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Initial Thoughts on the North Korean Missile Test

A screen shows a rocket being launched from a launch pad at the West Sea Satellite Launch Site, at North Korea's satellite control center (REUTERS/KYODO Kyodo).

The NORAD press spokesman has confirmed the evident success of the missile launch: “Initial indications are that the missile deployed an object that appeared to achieve orbit.” This success occurred after four previous failures beginning in August 1998.

Unlike the previous attempted missile launch last April, North Korea did not publicize its plans internally, though following the test it broadcast the news to a domestic audience. The success is an undoubted boost to the domestic legitimacy of Kim Jong Un. It comes within the 2012 calendar year, during which time the leadership pledged that it would “open the gate” to becoming a prosperous and powerful state, even though it remains almost desperately poor and internationally isolated. The regime also claims a successful test demonstrates its capacity to defy international condemnation and advance its scientific goals, supposedly for peaceful purposes. It has achieved this success before South Korea could test an advanced missile of its own, with the launch of the latter now delayed into 2013.

The test comes one week before the South Korean presidential election. Most observers assumed that North Korea would not test a missile in advance of the election, lest it weaken the electoral prospects of the opposition party candidate, Moon Jae-in. (Most polls show the ruling party candidate, Madame Park Gun-hye, with an appreciable lead, though a few polls are still within the margin of error.) Public opinion in South Korea is notoriously volatile, but the test further weakens Moon’s election prospects, though it is unlikely to prove decisive. If anything, Pyongyang may have concluded that Moon’s election chances were already diminishing, so why not proceed with the test?

The US appears to have been caught flat footed by the test. On December 10, North Korea announced that because of various technical problems it was expanding the launch window until late December and there were even some reports that it was disassembling the missile. This may have convinced some officials that there was no imminent possibility of a test. It took the NSC press spokesman more than four hours to release a brief, formulaic statement criticizing the test. If Pyongyang was intent on deceiving the outside world about its plans, it succeeded brilliantly.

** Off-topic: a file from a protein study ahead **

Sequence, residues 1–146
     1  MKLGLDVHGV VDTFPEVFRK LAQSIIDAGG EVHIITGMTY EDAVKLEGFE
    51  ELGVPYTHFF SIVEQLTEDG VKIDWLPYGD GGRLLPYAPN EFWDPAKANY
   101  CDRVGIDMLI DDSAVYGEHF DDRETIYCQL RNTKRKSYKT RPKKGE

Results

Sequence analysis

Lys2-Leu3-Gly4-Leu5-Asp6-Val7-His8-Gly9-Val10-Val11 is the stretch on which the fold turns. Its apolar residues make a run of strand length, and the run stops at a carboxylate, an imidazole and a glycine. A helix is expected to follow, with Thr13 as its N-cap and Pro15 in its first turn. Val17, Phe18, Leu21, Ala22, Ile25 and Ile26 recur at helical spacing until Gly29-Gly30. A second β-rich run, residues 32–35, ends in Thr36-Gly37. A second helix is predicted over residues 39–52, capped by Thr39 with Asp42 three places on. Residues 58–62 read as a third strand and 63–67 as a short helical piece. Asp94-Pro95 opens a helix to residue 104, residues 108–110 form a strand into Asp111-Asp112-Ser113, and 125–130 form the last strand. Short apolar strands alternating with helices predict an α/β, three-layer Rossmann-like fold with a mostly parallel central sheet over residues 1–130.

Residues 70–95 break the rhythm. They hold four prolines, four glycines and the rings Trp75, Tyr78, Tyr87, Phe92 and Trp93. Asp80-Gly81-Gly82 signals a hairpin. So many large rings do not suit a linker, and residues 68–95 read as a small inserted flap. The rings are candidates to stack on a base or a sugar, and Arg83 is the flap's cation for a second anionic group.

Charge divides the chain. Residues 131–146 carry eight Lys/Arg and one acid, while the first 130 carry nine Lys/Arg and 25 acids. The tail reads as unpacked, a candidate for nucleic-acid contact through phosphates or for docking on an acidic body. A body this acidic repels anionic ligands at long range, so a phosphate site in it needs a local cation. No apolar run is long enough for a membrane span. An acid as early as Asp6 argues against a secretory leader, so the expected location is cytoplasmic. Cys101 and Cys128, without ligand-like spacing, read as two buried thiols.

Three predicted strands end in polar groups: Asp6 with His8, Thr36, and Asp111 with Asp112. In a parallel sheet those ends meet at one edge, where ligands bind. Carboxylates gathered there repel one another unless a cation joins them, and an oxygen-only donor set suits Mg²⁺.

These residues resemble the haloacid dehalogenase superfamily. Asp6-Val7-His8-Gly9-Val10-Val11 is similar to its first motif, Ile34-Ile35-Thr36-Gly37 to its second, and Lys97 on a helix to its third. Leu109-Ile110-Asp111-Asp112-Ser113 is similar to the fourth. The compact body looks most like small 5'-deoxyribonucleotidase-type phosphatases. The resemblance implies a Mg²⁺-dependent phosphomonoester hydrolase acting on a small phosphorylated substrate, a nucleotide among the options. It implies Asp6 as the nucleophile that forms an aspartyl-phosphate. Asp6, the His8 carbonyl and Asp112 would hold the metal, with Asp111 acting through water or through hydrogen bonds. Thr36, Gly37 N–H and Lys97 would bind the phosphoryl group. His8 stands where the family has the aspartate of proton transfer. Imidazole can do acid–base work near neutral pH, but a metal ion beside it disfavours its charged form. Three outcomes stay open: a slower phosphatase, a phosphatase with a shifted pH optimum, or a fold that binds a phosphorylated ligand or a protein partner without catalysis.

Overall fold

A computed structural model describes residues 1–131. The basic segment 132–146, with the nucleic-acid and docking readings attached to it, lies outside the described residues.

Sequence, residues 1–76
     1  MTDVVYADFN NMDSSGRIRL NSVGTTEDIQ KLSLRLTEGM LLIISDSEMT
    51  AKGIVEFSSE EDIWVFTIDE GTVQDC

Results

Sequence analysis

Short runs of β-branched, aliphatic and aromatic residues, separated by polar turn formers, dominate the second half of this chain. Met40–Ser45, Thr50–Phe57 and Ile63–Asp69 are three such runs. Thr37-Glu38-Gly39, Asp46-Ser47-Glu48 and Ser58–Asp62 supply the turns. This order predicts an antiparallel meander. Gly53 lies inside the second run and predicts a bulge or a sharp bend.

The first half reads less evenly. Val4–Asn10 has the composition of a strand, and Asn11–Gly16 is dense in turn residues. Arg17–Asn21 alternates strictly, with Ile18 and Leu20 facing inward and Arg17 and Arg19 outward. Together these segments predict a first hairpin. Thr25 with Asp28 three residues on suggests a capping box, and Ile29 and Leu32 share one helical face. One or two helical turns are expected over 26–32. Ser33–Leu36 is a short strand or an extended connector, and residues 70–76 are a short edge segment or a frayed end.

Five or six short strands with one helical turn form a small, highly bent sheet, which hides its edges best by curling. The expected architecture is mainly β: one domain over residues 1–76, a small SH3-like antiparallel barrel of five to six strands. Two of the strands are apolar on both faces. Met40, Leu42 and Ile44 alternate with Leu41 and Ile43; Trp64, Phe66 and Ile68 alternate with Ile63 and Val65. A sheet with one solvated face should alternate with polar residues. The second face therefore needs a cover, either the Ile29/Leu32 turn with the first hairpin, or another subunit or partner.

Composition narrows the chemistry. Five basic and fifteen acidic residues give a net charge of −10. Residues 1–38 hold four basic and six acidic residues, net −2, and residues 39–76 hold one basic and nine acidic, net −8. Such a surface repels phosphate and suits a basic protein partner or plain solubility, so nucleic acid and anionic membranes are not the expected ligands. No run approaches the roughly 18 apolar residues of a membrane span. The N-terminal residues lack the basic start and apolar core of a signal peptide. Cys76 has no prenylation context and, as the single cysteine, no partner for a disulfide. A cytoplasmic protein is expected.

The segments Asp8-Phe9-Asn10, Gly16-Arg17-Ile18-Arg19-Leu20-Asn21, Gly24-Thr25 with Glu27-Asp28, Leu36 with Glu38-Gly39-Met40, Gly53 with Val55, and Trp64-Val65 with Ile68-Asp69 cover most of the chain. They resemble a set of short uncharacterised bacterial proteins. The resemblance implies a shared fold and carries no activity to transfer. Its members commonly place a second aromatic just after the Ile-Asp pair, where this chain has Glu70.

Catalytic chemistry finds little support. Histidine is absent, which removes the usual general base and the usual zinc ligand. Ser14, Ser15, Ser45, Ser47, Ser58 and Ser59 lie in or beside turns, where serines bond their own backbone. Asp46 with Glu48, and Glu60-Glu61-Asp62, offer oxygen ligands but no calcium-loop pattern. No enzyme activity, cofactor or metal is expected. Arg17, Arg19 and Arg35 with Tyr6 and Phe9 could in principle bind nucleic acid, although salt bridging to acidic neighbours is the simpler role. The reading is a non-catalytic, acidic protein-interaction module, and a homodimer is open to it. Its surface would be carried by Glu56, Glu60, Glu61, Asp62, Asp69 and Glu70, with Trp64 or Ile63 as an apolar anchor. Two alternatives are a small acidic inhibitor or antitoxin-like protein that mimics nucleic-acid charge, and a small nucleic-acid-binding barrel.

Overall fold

The bigger risks for Pyongyang concern its relations with China. The US, Japan, and South Korea have already called for an emergency meeting of the UN Security Council, since the North’s test are in direct violation of Resolutions 1718 and 1874, which prohibit North Korea from undertaking any rocket tests “using ballistic missile technology.” Since North Korea announced on December 1 that it would attempt another satellite launch, there have been persistent reports that the Obama Administration would seek to impose even harsher sanctions, even though North Korea is probably already the world’s most heavily sanctioned state. The US thus seems very likely to put great pressure on China to agree to additional sanctions. In recent weeks, the Chinese have openly cautioned the North Koreans from undertaking another test, without signaling what China would do should Pyongyang decide to test. Beijing’s first comments on the test had an ominous tone: “all parties concerned should stay cool headed and refrain from stoking the flames so as to prevent the situation from spiraling out of control.” How China chooses to respond will be the first foreign policy challenge for the newly installed Party General Secretary Xi Jinping.

The possibility of another nuclear test also looms as a distinct possibility. When the UNSC condemned the attempted missile launch last April, North Korea warned of unspecified countermeasures and there were clear indications of additional tunneling activity at the North’s nuclear test site. Since Pyongyang undertook nuclear tests in 2006 and 2009 following UNSC actions, it appeared that would again test, but it refrained, perhaps under major pressure from China, its primary economic and political benefactor. Late last week, the North Korean Foreign Ministry renewed a previous warning that “various circumstances compel us to completely review the nuclear issue.” China clearly disapproves of the North’s missile launches, but it may simply tolerate them and move on. Another nuclear test, however, would be a qualitatively different affront to China, and would underscore Beijing’s inability to prevent Pyongyang from embarking on exceedingly risky steps. Should there be another nuclear test, China’s newly installed top leaders would face a major challenge both in regional security and in US-China relations. This bears very careful watching.

The immediate impulse in some quarters will be to conclude that NK now has the means to reach the continental United States with a nuclear warhead, but this seems very premature. We simply don’t know whether North Korea has been able to miniaturize a nuclear weapon. It is nonetheless a significant technical accomplishment that advances North Korea toward such a goal, if the ability to reach the United States with a nuclear weapon is the ultimate purpose of its nuclear program. However endangered and vulnerable North Korea might first seem, it repeatedly finds ways to punch above its weight, endanger regional security, and defy the international community.

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